Check out

Gregory’s iPhone contract
This mother bought her son an iPhone and drew up a contract with him for how he would use it. Please try to skip the first line in the letter as it contains a horribly crude phrase, which is a huge pity as the 18 points  could help many parents. (7AM UPDATE: This blog has crashed. Link not working. You can read the contract on the HuffPost site. Again, remember the bad language warning for the first line).

Jonathan Edwards Advice to Young Converts
Such great counsel.

Christian parenting reminders
Jason gives me hope.

Grief Seminar
I haven’t watched all of these videos but what I’ve seen looks very promising. Brad is doing a tremendous job of producing down-to-earth and practical biblical counseling resources for the church.

Interview with Thabiti
Can we (should we) combine exegetical preaching with whooping?

I’m Guy Kawasaki and this is how I work
My favorite answer is #1 on time-saving techniques.


Where’s God and what’s he doing

These were Job’s perplexing questions (Job 23:1-9).

Sometimes they are also our questions.

Where’s God? And what’s He doing?

And sometimes our answers are, “I do not know. And. I do not know.”

But Job provides us with better answers.

God knows where I am.

“He knows the way that I take” (23:10a).

Although I don’t know where God is and I may not even know where I am, God knows my exact location, direction, and destination. As a child on a long car journey, I don’t need to know; as long as Dad knows.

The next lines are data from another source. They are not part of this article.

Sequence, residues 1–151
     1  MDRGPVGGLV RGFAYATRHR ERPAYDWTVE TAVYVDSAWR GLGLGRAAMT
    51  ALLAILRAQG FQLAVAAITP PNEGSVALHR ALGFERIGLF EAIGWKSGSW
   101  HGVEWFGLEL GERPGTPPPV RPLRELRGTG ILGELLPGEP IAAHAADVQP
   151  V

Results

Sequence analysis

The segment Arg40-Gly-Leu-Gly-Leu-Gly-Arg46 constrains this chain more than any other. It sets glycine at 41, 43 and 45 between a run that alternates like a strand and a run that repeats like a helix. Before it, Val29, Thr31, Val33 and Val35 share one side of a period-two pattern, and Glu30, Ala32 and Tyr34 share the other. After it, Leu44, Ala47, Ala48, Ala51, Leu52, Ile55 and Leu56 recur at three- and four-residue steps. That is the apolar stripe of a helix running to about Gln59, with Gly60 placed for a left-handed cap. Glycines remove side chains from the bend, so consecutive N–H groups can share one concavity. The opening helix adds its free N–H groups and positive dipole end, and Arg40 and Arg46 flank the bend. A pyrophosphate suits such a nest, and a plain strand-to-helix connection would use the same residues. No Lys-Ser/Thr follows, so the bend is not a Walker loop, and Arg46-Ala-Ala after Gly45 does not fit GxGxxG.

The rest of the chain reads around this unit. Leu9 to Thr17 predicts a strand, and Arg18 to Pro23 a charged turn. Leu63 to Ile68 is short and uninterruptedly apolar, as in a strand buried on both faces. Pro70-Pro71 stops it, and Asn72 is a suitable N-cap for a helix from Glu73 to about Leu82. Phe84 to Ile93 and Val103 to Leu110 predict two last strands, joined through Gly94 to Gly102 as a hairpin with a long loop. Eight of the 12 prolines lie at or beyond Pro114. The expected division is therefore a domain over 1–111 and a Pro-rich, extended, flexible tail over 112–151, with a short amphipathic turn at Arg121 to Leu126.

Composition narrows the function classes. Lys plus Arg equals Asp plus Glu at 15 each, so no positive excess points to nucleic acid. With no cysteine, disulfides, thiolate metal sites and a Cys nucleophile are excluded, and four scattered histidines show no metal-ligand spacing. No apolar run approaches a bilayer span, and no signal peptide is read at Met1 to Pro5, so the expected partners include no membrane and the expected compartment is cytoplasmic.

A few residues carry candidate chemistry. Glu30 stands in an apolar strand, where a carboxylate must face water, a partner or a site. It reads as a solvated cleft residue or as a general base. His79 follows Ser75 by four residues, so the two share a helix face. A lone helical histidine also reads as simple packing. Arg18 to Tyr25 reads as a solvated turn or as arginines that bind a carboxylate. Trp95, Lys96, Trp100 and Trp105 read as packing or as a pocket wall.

God knows what He’s doing.

“When he has tested me, I shall come out like gold” (23:10b).

He is proving me: He tests me as a skilled carpenter tests his work to its limits – to demonstrate his confidence in his work.

He is improving me: With His eye on the timer and His hand on the thermostat, He knows exactly how hot and how long to leave me in the furnace in order to make my gold purer and brighter.

God knows where I am and He knows what He’s doing!


CHeck out

Reading Scripture in Worship
Ordained Servant has a few articles on this important but much neglected skill/gift.

Doubt-killing promises
I love the story from Pilgrim’s Progress and used it in a sermon yesterday.

13 Things I need to get better at in 2013
Running Tim Challies close for “Most Honest Man on the Internet” award.

Lessons on Teaching from Dr Rob Plummer
A few jewels in a few words.

The State of Social Media in 2012

Building congregations around art galleries and cafes as spirituality wanes
The latest attempts by evangelicals to reinvent the church.


A Happy, Holy, and Hope-filled 2013

A happy, holy, and hope-filled New Year to all who bless me by reading this blog. I appreciate every one of you and thank you  with all my heart for your interest, your comments, your “likes,” your “Tweets,” your corrections, and your encouragement. You’ve become a big part of my spiritual life and I’m grateful for your sanctifying influence upon me. It’s been wonderful to meet some of you here and there as I travel around, and hope I can bump into a few more of you in 2013.

In an hour or so, I’ll be preaching a New Years Day sermon on 1 Peter 3v15 with the title, Reasons for a Hope-filled 2013. So let me start the New Year with my definition of Christian hope:

Christian hope is (1) a realistic expectation of (2) and joyful longing for (3) future grace and glory (4) based upon God’s reliable Word.

You’ve got 60 minutes to improve on that and get a mention in my sermon!